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      11-05-2004
On Fri, 05 Nov 2004 15:40:10 GMT, "(E-Mail Removed)"
<(E-Mail Removed)> wrote:

>Hi,
>
>I'm struggling with whether to switch from my film camera to a D70. I
>take many outdoor photos and frequently use the markings on my (very
>old) lenses to focus at the hyperfocal distance.
>
>I understand that in this brave new world of autoeverything this might
>be considered quaint, or even a Lost Art.
>
>So is it easy (possible?) to do this with a D70 and the kit lens? Is
>there a menu selection which tells the D70 to focus so that the object
>of interest is at the distant end of the DoF for the current aperture?
>

You don't have to use the autofocus if you don't want to. Indeed, if
you have old lenses you like that are not AF you will have to use them
as you always did, except you can use the AF sensor to tell you when
you are focused on something.

I am not familiar with the kit lens.




Rodney Myrvaagnes NYC J36 Gjo/a

"Religious wisdom is to wisdom as military music is to music."
 
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Jim
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      11-05-2004

<(E-Mail Removed)> wrote in message
news:(E-Mail Removed)...
> Hi,
>
> I'm struggling with whether to switch from my film camera to a D70. I
> take many outdoor photos and frequently use the markings on my (very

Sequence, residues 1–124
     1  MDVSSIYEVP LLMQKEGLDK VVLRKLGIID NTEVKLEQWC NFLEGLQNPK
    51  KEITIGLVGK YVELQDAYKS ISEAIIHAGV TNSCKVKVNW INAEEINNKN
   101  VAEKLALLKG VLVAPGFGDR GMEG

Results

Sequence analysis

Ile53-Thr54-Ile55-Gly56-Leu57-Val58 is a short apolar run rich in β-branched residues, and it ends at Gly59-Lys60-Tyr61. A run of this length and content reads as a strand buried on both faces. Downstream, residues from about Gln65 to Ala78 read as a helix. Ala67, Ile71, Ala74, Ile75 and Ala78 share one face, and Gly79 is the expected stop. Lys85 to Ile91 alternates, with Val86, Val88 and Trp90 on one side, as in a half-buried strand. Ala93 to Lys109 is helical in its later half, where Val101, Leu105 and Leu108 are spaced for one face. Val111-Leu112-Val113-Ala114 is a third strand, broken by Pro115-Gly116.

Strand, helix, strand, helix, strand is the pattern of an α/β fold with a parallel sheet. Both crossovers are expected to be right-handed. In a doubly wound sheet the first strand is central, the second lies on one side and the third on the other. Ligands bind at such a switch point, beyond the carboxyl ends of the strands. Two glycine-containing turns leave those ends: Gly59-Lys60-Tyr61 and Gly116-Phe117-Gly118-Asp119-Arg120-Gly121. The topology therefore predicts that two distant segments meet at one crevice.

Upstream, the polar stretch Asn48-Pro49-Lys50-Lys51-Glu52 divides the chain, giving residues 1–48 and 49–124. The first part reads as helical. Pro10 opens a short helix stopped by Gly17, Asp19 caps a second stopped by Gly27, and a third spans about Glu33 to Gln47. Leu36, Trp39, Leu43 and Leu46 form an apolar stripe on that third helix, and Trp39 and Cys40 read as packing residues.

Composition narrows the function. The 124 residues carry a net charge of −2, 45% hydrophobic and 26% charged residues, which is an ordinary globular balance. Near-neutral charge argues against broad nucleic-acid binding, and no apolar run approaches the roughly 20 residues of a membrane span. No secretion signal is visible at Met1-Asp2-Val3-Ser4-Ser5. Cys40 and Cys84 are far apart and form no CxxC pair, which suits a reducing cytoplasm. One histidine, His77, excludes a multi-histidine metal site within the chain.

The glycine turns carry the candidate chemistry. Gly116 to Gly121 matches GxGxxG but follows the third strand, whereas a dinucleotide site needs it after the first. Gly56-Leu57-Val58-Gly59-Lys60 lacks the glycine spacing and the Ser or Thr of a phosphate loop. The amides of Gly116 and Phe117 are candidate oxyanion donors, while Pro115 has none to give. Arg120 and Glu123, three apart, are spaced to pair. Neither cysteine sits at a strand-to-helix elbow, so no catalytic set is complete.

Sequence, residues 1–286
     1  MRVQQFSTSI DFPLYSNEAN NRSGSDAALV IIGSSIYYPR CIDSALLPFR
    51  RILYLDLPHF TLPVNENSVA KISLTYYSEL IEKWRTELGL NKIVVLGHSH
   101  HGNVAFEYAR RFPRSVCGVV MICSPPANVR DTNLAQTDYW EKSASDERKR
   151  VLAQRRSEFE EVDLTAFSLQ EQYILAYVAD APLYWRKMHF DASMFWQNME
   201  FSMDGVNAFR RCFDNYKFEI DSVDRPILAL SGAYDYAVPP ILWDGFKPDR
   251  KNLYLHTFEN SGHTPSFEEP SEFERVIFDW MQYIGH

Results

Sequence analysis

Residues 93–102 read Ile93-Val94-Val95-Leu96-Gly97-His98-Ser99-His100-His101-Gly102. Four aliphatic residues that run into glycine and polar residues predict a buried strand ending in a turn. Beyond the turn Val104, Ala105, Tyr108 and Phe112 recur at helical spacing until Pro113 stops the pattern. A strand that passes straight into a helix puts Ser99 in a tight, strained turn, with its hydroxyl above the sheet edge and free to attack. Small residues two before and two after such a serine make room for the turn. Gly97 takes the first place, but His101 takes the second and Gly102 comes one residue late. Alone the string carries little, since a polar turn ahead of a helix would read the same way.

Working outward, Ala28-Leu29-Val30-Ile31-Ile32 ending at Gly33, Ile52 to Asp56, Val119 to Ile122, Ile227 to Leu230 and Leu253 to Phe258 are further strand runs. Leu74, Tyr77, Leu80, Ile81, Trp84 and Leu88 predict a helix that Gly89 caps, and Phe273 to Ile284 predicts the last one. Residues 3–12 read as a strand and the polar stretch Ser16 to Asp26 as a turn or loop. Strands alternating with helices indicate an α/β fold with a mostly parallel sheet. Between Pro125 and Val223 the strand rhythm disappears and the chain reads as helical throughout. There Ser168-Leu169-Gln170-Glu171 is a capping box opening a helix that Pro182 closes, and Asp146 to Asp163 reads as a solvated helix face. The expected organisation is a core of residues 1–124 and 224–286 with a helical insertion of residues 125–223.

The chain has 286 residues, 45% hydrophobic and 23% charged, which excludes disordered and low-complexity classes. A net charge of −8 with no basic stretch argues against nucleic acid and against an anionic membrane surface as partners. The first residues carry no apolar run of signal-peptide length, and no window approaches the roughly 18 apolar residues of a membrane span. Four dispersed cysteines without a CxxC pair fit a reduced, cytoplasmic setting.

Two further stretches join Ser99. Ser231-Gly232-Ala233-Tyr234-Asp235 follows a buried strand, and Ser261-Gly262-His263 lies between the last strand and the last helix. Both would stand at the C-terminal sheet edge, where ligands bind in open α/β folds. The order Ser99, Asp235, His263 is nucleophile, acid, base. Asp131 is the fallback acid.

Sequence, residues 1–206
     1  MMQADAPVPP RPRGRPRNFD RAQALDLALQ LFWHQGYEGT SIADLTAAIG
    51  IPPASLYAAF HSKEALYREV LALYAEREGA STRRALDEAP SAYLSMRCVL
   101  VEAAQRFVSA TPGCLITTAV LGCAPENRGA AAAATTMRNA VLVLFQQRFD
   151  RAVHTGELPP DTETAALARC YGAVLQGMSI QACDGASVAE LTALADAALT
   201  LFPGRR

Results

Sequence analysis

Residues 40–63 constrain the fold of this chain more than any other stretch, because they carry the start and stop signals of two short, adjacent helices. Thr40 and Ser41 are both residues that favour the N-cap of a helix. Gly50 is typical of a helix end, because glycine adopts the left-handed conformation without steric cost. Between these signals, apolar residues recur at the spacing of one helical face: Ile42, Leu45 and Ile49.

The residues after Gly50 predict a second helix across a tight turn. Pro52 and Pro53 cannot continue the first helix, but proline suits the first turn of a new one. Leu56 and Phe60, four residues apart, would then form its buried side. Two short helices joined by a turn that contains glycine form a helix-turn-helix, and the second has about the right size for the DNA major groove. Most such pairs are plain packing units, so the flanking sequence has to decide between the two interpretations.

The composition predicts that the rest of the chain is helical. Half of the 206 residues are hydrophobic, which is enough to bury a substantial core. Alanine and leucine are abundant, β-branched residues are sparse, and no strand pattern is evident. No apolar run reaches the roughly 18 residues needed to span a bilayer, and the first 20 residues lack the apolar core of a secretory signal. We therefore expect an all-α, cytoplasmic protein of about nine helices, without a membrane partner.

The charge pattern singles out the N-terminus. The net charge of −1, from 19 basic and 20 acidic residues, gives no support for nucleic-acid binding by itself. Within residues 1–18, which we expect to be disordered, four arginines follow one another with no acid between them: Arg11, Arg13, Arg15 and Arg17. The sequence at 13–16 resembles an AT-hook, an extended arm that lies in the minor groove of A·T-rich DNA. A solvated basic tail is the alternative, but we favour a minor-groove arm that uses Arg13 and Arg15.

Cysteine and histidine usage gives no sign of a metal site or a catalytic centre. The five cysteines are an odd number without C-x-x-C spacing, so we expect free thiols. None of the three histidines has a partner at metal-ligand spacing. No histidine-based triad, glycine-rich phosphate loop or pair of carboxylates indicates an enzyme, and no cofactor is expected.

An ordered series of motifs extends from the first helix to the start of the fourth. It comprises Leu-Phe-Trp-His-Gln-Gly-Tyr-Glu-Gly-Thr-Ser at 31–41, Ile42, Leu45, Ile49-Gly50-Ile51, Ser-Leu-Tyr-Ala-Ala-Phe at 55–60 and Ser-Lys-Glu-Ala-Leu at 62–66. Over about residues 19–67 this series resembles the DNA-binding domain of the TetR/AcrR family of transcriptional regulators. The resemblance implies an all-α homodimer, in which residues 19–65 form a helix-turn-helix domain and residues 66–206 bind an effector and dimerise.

> old) lenses to focus at the hyperfocal distance.
>

Sorry to say, this approach is almost impossible these days. This is true
of all Nikon AF lenses.

So, you are left with using the viewfinder to judge depth of field. I have
never been able to do that.

The non-AF lenses have much better depth of field scales. I have mounted my
105 f2.5 lens on the D70, and it worked quite well. Although you cannot
get the combination to use autoexposure, the histogram helps get the
exposure right. Come to think of it, the histogram helps the autoexposure
function as well.

Jim


 
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BioColor@aol.com
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      11-06-2004
On Fri, 05 Nov 2004 23:18:14 GMT, "Jim" <(E-Mail Removed)> wrote:


>Sorry to say, this approach is almost impossible these days. This is true
>of all Nikon AF lenses.
>
>So, you are left with using the viewfinder to judge depth of field. I have
>never been able to do that.


How weird. For me DoF is nearly as important as focus. I guess even
Nikon admits that all this new fangled gear isn't meant for serious
photographers.

That was a joke, son.

Thanks to all for taking the time to reply.

Duncan